Relaymedia

Bilingual Heritage Shapes Welsh Methodism

( [email protected] ) Jul 08, 2003 11:06 PM EDT

Welsh Methodists with a daffodil, national flower, a leek and a red dragon, which all are traditional symbols of Wales, welcomed delegates to the opening of the 2003 British Methodist Church Conference on June 28, UMNS reported on 8 July.

15,000 Of Britain's 320,000 Methodists are Welsh Methodists. And 3,000 of those worship in Welsh-speaking Methodist churches.

Methodist Church started by John Wesley in 18th century. He first preached in Wales or Cymru, as it is called in Welsh, in 1739.

Because John could not speak Welsh well, Wesleyan Methodism grew in English-speaking regions prdominantly, according to Sister Eluned Williams, president of Welsh Methodism for the past six years.

In 1800 Thomas Coke launched a serious mission to Welsh-speakers which resulted in the growth of both Welsh and English language Methodist chapels.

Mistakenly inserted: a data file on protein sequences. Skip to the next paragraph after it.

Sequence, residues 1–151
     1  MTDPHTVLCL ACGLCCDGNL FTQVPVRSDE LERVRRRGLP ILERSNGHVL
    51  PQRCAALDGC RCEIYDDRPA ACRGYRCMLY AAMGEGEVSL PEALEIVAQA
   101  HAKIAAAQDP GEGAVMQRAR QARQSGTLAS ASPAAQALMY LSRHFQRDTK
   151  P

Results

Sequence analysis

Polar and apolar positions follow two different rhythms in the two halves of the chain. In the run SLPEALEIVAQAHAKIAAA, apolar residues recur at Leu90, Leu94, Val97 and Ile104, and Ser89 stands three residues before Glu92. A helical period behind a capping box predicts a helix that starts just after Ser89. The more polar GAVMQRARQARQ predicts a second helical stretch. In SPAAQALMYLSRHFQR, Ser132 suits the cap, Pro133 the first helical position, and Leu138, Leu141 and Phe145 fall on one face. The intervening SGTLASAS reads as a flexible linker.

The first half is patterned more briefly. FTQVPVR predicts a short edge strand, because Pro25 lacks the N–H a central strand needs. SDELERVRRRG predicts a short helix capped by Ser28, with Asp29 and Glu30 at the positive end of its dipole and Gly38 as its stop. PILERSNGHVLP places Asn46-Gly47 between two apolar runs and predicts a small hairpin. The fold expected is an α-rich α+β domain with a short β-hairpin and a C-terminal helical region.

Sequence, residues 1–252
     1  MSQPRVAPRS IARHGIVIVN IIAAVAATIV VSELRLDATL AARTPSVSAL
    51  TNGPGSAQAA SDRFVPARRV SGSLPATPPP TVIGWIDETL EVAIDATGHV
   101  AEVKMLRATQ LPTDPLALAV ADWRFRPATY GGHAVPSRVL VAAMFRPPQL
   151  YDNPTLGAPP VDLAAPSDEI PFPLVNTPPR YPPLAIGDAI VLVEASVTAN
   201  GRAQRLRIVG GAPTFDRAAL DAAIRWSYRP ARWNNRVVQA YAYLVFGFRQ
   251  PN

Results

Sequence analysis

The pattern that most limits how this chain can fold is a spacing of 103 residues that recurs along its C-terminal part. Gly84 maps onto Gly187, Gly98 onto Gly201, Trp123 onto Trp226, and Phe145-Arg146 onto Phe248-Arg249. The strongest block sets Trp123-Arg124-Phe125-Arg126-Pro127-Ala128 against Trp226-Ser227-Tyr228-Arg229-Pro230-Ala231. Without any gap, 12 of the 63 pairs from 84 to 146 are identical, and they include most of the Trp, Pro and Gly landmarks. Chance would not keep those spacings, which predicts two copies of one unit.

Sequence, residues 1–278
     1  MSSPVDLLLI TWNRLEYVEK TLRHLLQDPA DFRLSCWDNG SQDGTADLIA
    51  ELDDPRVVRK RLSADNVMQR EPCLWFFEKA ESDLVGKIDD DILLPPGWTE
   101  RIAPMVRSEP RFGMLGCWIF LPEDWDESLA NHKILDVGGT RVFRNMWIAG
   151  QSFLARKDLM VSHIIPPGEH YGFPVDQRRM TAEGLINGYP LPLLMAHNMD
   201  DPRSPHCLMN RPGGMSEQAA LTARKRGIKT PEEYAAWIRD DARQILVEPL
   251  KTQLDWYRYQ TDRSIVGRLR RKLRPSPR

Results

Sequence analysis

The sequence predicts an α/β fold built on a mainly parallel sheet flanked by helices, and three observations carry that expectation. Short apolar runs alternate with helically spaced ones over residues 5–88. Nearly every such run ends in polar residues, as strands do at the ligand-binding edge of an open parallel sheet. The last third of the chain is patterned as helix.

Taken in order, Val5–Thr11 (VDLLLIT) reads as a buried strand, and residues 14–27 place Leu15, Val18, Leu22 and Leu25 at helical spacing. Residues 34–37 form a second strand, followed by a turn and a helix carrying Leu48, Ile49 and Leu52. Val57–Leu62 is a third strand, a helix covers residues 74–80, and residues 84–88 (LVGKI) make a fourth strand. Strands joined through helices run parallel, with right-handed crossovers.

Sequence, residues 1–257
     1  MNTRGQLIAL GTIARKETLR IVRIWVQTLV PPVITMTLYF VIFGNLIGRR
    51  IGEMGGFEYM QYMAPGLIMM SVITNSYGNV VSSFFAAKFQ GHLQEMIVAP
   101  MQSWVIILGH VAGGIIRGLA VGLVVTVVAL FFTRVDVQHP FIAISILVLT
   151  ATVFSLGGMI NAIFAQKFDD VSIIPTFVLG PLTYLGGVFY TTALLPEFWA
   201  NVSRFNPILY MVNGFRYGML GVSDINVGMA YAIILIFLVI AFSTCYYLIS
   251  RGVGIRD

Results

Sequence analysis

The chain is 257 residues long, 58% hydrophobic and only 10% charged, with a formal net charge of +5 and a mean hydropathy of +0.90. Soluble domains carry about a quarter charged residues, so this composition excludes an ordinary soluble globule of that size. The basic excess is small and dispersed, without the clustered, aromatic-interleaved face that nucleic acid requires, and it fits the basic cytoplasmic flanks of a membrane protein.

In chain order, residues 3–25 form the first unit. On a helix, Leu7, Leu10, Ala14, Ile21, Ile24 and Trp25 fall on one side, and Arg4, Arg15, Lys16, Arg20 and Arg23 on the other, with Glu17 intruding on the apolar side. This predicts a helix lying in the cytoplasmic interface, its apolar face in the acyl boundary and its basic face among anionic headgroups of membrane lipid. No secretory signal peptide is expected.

At the 2003 British Methodist Conference, Williams said Welsh was banned from public life, even in churches, because of the 1536 Act of Union when Wales officially became part of the United Kingdom.

Some people got fired by the reason they speak Welsh at the working place.

Now, despite this painful legacy, modern-day Wales is a bilingual country within the UK and the Welsh Methodist Church is also a bilingual faith community within British Methodism. Welsh Methodism makes up three out of the British Methodist Church’s 33 districts. They include the English-speaking Southwest and Northwest districts and the Welsh language Y Gymanfa District, which takes in all of Wales.

Wales's Romantic landscapes, famous sons and daughters popular hymns are well known. But Williams pointed "the people of Wales only look back to the glory days."

"I believe we need to be more visionary and adventurous," Williams said.

Nowadays Welsh-speaking churches are losing members faster than the English-speaking Welsh counterparts. "Especially young Welsh speakers don't come to church at all," Williams said.

"Welsh is the oldest surviving language in all of Europe. I believe there's a future for Methodism in Wales as a body that is together."